‘Sorry’ isn’t the hardest part

The only thing worse than an insincere apology is the apology that is offered with a demand that it be accepted.

The most important part of an apology is not that it is made, but that it is authentic.

Not just sincere. Authentic.

If an apology is limited to a text message, or a few words uttered, but has no meaningful effort behind it to remedy the offence or harm that was caused, then it isn’t an apology. It’s manipulation.

When we demand that our apology result in a change in attitude from the one that was offended because the apology is supposed to put the offence behind us, it’s not an apology, it’s manipulation.

When we apologise but take offence or become defensive when the impact of our behaviour needs to be discussed by the one we offended, then we didn’t apologise, we were just ‘doing the right thing’. That’s manipulation.

When we are sincere in regretting the harm or offence that we caused, an apology will be the smallest action that we take to make up for what we did.

If we’re sincere, an apology will only mark the first step in our effort to regain the trust and confidence, or the good standing that we had with someone, because they are important to us, and not just because they didn’t deserve what we did, or we feel self-righteous in owning up to being wrong.

On the flip-side, needing someone to admit fault and repeatedly apologise for something that they’ve already shown remorse for is not accepting their apology. Nor is it sincere reciprocation of their efforts to remedy the breach in the relationship.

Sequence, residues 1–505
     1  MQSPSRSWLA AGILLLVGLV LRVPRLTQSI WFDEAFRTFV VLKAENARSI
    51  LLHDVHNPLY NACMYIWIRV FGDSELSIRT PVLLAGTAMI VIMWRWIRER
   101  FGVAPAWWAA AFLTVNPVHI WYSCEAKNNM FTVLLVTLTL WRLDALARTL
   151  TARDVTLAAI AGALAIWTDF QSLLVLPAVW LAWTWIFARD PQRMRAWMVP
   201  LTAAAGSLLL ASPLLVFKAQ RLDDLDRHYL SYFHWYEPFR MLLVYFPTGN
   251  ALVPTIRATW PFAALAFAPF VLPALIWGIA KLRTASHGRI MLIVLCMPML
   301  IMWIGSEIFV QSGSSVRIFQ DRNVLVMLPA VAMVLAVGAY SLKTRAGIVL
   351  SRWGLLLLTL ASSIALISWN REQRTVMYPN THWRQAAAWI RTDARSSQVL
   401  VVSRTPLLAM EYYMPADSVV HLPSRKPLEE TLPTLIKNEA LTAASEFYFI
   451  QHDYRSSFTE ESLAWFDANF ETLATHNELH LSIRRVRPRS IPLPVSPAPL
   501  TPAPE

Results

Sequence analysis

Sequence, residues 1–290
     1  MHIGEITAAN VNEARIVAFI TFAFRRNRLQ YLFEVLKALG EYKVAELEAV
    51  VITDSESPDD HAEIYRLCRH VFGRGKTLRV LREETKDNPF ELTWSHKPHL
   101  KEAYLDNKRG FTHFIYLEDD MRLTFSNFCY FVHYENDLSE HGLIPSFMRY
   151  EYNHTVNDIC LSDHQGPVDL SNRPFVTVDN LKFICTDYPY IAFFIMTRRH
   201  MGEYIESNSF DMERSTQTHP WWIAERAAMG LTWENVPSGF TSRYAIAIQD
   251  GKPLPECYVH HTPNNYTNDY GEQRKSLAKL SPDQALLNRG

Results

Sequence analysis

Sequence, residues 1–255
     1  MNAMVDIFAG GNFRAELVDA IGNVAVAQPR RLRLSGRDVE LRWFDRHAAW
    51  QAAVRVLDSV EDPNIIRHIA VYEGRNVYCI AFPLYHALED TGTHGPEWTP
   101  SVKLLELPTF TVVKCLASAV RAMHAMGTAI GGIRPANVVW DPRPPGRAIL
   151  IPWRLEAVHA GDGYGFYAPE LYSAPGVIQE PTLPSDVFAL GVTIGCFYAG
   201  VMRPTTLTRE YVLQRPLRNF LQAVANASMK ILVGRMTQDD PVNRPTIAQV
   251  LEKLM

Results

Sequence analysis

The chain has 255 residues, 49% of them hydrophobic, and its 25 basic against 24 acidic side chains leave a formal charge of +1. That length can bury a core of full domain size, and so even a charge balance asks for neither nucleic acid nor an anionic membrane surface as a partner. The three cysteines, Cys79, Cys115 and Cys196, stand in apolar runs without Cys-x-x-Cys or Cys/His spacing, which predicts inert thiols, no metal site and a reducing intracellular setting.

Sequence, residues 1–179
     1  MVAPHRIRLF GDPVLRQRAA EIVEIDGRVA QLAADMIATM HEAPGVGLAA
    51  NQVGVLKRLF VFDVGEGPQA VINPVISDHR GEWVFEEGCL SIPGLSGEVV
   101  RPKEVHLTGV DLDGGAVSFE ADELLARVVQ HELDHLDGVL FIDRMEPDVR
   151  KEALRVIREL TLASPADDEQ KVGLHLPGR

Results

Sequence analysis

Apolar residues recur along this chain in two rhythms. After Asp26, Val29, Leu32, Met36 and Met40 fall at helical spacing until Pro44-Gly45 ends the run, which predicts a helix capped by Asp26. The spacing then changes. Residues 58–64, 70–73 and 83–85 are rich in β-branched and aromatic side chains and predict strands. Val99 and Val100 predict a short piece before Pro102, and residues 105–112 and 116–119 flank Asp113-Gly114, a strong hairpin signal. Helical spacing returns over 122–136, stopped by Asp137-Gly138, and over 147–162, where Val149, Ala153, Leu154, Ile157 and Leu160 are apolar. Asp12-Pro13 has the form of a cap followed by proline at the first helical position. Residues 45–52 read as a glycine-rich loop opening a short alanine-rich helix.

It’s revenge aimed at inflicting the same harm or offence that we felt from their behaviour.

Whether justified or not, it reflects what we value more. The relationship that we have with them, and how much we value who they are, or being seen as the victim of their mistake.

Be authentic. If not, you’re simply manipulating your way through life.

It always starts with you.

#selfworth #selfawareness #ownyourlife #theegosystem #mentalhealth #mentalhealthawareness #lifecoaching #zaidismail #authenticity #apologize #apologies #narcissism



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5 responses to “‘Sorry’ isn’t the hardest part”

  1. I was taught that the proper way to apologize was to say sorry for the exact thing that caused hurt and to ask for forgiveness from the person

    • Good balance. But be careful with the forgiveness part. Forgiveness is only truly possible when we have understanding about why it happened, because understanding makes acceptance easier, which then makes forgiveness more sustainable. Otherwise we forgive because we hope to let go, but the impact still carries with us.

  2. I was always taught to apologize by saying “I’m sorry I hurt you, and I want to ask you to forgive me”. It has worked for me.

  3. that sounds to me not an aplogoy but like abuse… The key being – how it makes us feel? If it feels as rubbing the joy out of our insides, it’s opposite from being good and acceptable to us, the recepient. It’s meant to hurt, not heal or be good for us, whatever the words are.

    • Hence the focus on determining the authenticity of the apology so that we don’t become easily manipulated by someone who is avoiding accountability for the harm or offence that they caused.

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